I wasn’t happy with the brief things I said over on Meeka’s blog about young adult literature. First, it sounded like I was slagging it, and I’m not. Second, it wasn’t an elaborate critique of it, which I will attempt here. Like I said over there, if you want to read someone who loves this stuff, read Thomas blog. Otherwise, here’s why I resist young adult literature, or at least the labelling of it.

In a certain way the young adult genre has never seemed to me to be anything more than a label that limits how you can write. There are obvious genres that exist for marketing purposes, of course, like SF and Fantasy. Why those genres exist is fairly obvious. They are guides for the readers. Some readers want to read about spaceships, others want to read about elves and magicians. It’s an easy genre that is logical.

Then there are more subtle genres like the “young adult” genre, and I think you get into more of a murky reasons for why the genre exists. What does that “young adult” even mean? Arent “young adults” actually adults at all? Are they lesser than adults? Do they have different needs and wants from other adults?

In the UK there doesn’t exist anything called YA; not really. It is more of an American thing, although American influences are starting to “create” that genre even in Britain. If you go into a bookshop in Britain, you won’t find sections of it dedicated to “young adult”. That may be changing, but it’s not a big feature yet.

junkburgessIn Britain The demarcation is between Children’s literature and adult literature. Harry Potter would be considered children’s literature. “The Brothers Lionheart” by Astrid Lindgren is considered Children’s literature. But where does a book like “Junk” by Melvin Burgess fit into an arbitrary genre demarcation? In the US Junk is marketed as “young adult fiction”. In Britain? Not so much.

Junk (which is called “Smack” in the USA) is about Tad and Gemma, two fourteen year olds, and the book is about their destruction. They run away from home to the streets of Bristol, get involved with heroin use, become addicted, and at one point the book describes how Gemma turns to prostitution to fund her habit.

It is a dark book that describe the dangers of drug use, and it is nearly 20 years old now. Still, it’s a powerful read that serves well as the example of what I’m talking about. Smack, the US version, is presented as an example of “edgy young adult” literature.

Whenever I object to the label “young adult” it is held up as an example that YA is not limited. It is true that YA is not limited in subject, and for natural reasons this is a book that is banned in many places in the USA as an example, as one reviewer put it, “the habitual amorality of the British, a book in the same mould as the Skins TV show”. But that’s not the limit I talk about. I’ll get to that later.

brotherslionheartI already mentioned “The Brothers Lionheart” which is definitely a children’s book, written by the author that every single Swede has grown up with. Brothers Lionheart deals with death, pain, loss, and morality.This quote, in Swedish, epitomises the central theme in the book.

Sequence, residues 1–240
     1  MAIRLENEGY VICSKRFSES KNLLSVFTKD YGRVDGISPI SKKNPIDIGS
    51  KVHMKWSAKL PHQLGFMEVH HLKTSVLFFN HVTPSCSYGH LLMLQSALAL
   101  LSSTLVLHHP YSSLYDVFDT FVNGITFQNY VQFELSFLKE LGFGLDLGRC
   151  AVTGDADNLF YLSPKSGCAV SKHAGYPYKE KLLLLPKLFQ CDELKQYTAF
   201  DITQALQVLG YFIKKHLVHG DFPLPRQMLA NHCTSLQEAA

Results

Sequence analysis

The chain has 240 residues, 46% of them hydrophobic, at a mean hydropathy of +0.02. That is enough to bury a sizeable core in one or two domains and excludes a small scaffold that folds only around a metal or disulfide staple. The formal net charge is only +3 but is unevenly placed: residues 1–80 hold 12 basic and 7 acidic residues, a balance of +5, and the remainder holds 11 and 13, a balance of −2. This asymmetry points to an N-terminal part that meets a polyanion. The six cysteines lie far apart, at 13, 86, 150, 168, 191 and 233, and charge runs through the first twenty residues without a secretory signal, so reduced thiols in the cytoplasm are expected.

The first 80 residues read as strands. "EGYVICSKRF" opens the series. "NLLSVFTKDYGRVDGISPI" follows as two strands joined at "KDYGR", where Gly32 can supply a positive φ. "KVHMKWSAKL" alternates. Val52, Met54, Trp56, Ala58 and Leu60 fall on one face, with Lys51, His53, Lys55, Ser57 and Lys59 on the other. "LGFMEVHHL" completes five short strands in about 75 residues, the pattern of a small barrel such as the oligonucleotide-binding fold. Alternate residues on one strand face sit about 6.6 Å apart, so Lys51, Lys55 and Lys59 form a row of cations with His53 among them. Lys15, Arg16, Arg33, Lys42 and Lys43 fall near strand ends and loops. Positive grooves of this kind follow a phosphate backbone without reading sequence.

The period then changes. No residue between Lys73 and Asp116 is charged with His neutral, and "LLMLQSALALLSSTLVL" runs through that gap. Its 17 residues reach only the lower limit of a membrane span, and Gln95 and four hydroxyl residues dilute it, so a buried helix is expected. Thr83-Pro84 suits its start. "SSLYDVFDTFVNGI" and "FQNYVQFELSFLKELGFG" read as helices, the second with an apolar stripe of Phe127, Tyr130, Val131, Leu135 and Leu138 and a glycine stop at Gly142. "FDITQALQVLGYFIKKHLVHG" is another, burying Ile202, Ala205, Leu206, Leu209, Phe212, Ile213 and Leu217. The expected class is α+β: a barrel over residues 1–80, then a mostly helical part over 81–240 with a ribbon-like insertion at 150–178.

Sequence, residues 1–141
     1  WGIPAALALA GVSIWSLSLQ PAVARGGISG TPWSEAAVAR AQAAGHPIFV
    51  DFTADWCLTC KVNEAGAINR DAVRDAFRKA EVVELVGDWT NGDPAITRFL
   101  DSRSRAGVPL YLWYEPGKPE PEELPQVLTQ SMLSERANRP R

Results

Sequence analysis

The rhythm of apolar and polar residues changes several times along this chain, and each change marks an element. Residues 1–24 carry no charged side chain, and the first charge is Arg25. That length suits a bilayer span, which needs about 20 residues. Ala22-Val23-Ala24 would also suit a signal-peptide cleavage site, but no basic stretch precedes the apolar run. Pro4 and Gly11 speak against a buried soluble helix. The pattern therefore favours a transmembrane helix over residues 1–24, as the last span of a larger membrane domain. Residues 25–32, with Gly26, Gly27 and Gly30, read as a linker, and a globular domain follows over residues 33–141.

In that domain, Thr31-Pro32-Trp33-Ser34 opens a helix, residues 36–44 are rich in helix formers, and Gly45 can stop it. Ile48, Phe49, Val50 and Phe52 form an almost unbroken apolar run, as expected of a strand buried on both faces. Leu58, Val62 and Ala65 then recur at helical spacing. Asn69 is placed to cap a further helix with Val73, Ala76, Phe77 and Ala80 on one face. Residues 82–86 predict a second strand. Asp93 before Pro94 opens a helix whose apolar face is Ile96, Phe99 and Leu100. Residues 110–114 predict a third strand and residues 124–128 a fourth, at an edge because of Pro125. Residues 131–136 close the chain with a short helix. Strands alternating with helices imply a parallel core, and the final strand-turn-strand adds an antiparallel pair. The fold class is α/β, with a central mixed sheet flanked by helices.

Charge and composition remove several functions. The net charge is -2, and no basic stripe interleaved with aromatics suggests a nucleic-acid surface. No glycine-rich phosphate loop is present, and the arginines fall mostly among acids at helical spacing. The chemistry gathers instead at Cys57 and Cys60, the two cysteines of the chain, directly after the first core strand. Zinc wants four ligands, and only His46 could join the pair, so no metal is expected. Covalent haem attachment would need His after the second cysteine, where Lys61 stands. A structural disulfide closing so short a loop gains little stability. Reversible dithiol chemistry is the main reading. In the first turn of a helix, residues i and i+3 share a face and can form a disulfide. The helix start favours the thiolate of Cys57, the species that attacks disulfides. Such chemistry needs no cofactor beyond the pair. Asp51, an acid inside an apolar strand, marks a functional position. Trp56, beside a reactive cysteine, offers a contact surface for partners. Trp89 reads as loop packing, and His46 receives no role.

“Men då sa Jonatan att det fanns saker som man måste göra, även om det var farligt. ’Varför då’, undrade jag. ’Annars är man ingen människa utan bara en liten lort’, sa Jonatan.”

My translation: “But then Jonatan said that there were things you had to do, even if it was dangerous. ‘Why is that,’ I wondered. ‘Otherwise you’re not a human being, but just a little poop’, Jonatan said.”

Particularly the ending of this book has made it so that “The Brothers Lionheart” joins “Smack” on the banned book list in some places, but also central strands of themes in the book are complex and difficult.

Death, the meaning of being human, the responsibilities inherent in being human, pain and loss are often themes that Astrid Lindgren cover. Other books with different tacks on these things are “Mio, my Mio” and “Ronya, The Robber’s Daughter”.

So, there is no limit on what can be written about, but the reason I’m not a fan of the label of young adult literature is that the quote below implies that it is written to a spec for the genre. The spec deals more with how it is written, and what assumptions you make. And I think the assumptions inherent in that spec is more like this.

Screenshot - 04_09_2013 , 19_49_35

This is a view I come across quite a bit, and if this view is correct then I am incapable of making decisions about school, education, the future, and my own life. Me living with Mark for the last two years should, in this perspective, be treated as gross negligence on the part of our parents, and probably be an example of child abuse by way of neglect. The quote is about something so simple as sex and age of consent.

The logical conclusion is that if sixteen year olds can’t decide about who to have sex with, they must also be incapable of much more esoteric and elaborate and long-term decision about what school to enrol in, and what courses to apply for.

Carry that attitude over to literature, and you start to get an idea of why some people push for books to be written in a certain way with simplified language, a ban on having characters older than teens as main POV characters, and an immediate teenage voice – rather than to explore themes and conflicts in whatever way is needed for the story.

The how then eventually limits the what.

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